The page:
In particular, he has just the one powerplay point in that span after scoring a PP point every 4 games in the first 4 months. This is despite playing an extra minute per game on the powerplay over this span. If you want more of an investigation into the statistics then take a look at the Excel files created for this article. Data is retrieved from War-on-Ice and you can change the date under the cell that says "Date" in the sheet labeled "Split" to find Palmieri's before and after stats for any date.

Palmieri EV Date Filter Palmieri PP Date Filter

Palmieri PP Date Filter Palmieri PP Date Filter

Palmieri TOT Date Fliter

Why Is this Happening?

Well one big reason is just the capricious nature of goal-related statistics. They are very erratic and dependent on save percentage and shooting percentage. The sum of this statistics is called PDO and this is a graph of Palmieri's over time (once again courtesy of War-on-Ice via 14-game moving average...go there, you'll see why).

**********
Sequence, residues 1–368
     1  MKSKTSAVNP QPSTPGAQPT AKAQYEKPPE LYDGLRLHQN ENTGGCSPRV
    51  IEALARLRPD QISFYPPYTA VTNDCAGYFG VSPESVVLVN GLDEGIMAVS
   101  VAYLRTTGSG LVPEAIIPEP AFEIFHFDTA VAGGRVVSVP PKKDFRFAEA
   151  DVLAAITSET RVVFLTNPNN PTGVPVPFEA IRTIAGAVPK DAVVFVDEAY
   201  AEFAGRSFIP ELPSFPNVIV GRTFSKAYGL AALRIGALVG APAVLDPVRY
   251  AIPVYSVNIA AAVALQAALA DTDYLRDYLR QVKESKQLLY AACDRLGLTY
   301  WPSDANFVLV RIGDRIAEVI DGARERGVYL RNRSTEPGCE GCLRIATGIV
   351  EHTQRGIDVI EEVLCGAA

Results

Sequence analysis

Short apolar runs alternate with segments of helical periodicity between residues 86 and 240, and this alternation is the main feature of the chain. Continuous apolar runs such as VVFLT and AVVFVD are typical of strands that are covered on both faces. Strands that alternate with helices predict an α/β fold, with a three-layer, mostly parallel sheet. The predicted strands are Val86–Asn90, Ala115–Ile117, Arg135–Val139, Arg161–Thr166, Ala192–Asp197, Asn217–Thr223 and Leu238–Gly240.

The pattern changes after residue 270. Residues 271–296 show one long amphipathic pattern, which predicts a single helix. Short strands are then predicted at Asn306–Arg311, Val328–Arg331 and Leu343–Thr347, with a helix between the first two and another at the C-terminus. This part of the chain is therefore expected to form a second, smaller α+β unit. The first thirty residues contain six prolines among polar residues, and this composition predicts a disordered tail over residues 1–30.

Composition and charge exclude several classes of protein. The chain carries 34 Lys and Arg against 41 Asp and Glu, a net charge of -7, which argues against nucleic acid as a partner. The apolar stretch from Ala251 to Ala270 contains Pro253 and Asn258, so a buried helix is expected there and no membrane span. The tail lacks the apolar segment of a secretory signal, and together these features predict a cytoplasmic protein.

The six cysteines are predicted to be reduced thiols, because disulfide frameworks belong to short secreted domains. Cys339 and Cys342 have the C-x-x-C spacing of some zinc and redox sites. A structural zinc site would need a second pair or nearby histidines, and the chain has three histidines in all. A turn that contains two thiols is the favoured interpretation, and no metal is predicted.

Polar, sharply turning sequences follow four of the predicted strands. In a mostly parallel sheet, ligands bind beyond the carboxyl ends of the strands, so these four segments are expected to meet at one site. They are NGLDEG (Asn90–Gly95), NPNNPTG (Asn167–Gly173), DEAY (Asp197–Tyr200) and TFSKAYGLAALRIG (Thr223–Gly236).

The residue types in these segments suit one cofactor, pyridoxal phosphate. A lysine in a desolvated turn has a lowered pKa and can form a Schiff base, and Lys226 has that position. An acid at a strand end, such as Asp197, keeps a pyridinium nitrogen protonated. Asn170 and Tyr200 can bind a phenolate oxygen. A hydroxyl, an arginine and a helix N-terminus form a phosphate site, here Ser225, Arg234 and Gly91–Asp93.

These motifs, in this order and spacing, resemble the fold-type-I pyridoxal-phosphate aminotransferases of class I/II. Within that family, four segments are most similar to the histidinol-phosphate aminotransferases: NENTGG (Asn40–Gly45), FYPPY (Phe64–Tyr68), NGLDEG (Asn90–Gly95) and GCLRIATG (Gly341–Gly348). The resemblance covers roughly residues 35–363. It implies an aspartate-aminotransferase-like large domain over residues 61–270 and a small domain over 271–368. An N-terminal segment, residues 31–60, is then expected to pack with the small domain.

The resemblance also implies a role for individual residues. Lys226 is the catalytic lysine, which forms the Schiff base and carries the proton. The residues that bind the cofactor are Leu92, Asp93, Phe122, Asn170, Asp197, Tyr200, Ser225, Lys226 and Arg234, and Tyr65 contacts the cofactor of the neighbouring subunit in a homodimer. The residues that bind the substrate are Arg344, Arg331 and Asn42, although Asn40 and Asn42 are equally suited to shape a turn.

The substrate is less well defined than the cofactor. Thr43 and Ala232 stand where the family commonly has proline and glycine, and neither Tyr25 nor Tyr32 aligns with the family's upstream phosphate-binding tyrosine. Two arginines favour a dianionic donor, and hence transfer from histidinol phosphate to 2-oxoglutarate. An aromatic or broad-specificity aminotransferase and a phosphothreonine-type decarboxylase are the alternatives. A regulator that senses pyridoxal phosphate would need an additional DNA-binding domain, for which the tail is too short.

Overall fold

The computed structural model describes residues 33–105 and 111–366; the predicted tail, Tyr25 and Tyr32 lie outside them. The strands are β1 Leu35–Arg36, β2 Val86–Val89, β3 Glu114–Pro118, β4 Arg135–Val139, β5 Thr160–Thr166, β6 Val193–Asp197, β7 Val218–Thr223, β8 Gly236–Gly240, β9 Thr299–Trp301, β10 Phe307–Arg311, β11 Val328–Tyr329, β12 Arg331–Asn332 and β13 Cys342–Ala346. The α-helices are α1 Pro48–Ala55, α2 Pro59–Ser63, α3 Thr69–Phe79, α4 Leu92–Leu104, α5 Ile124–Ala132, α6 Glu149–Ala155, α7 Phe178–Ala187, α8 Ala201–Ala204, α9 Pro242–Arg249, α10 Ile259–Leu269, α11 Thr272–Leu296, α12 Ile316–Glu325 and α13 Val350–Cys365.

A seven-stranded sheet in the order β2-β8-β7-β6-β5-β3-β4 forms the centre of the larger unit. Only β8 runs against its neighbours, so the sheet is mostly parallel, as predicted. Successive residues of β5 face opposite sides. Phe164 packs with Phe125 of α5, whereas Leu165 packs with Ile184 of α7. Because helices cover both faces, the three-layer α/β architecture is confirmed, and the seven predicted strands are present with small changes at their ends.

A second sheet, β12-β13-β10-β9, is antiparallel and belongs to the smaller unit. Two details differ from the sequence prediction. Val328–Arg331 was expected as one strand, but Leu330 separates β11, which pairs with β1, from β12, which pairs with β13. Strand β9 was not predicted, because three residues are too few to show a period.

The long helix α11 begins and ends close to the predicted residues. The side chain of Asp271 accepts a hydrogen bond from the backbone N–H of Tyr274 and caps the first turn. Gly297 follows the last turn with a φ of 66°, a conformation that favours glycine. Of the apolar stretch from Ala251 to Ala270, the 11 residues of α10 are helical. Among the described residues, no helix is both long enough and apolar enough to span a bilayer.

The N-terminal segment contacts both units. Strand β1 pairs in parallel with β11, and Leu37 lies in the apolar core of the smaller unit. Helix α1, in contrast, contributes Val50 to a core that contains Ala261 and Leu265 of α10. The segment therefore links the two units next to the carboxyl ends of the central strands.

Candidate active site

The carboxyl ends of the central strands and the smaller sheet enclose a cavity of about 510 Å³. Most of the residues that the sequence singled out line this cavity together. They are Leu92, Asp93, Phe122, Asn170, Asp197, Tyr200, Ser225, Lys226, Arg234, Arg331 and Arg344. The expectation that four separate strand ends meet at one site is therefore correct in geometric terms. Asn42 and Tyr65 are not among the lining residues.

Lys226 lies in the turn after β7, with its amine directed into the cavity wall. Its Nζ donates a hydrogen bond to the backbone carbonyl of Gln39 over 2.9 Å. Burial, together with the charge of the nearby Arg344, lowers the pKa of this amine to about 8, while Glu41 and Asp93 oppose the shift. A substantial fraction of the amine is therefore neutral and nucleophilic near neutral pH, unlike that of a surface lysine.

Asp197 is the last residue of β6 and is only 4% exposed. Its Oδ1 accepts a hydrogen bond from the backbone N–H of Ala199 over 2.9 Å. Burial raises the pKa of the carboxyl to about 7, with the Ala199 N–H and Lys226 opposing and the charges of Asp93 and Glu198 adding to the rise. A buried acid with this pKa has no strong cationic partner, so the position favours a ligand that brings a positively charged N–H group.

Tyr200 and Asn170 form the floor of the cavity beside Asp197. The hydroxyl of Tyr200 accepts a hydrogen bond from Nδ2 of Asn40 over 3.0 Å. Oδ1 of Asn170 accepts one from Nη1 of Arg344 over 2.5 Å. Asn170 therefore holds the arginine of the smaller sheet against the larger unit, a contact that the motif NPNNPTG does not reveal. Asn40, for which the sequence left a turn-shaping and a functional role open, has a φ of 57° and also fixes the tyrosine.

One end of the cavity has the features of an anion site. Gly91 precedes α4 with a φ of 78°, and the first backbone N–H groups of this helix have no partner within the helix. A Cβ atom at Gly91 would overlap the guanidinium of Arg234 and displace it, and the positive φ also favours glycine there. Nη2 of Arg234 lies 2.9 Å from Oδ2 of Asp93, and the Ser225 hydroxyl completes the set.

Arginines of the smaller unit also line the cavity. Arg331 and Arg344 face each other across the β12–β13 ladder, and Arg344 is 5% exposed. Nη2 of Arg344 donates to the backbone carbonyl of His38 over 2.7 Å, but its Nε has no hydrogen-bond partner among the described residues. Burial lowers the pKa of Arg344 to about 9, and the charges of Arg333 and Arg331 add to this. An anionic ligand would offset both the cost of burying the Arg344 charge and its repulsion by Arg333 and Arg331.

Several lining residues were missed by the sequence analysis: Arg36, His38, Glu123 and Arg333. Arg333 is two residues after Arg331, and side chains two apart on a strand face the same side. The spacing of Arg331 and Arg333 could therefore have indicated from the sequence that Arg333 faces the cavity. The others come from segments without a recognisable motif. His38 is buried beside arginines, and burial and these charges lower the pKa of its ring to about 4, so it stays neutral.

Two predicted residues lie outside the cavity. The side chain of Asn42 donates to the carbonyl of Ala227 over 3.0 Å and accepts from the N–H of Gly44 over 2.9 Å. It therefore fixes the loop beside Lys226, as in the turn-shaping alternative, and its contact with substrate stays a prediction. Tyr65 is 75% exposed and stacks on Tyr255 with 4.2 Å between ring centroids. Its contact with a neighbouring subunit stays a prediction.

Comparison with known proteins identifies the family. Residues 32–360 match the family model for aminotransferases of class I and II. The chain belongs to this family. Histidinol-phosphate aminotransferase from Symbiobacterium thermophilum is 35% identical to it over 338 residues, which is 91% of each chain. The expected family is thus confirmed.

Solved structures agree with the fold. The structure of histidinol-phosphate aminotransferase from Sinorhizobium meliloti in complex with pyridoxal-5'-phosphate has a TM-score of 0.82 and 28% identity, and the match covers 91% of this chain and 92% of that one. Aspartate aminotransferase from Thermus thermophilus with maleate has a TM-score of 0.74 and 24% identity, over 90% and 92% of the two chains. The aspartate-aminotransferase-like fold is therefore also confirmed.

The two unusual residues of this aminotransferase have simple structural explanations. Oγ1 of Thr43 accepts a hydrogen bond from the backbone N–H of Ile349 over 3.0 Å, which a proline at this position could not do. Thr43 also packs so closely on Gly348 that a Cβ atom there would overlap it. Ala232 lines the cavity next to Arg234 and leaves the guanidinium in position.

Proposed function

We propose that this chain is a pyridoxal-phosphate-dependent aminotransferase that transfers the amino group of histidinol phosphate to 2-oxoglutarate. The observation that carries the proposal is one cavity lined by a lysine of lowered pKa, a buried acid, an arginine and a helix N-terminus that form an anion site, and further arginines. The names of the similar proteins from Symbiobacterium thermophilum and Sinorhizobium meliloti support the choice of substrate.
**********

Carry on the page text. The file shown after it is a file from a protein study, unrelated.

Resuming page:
Palmieri PDO

Two things to note about this graph. First is that he had an absurdly high PDO early in the year -- at one point getting over 140. That just ridiculous. However, he has come crashing down below the 100 mark lately -- hovering around 90 since the late january marker that I mentioned earlier.

What's even more curious is that Travis Zajac, his most common linemate, his actually playing pretty well. Zajac has 5 February points and 10 in his last 11. His other linemate -- Sergey Kalinin -- has no points in February, but he never has any points. So is it really chance or is he taking a step back?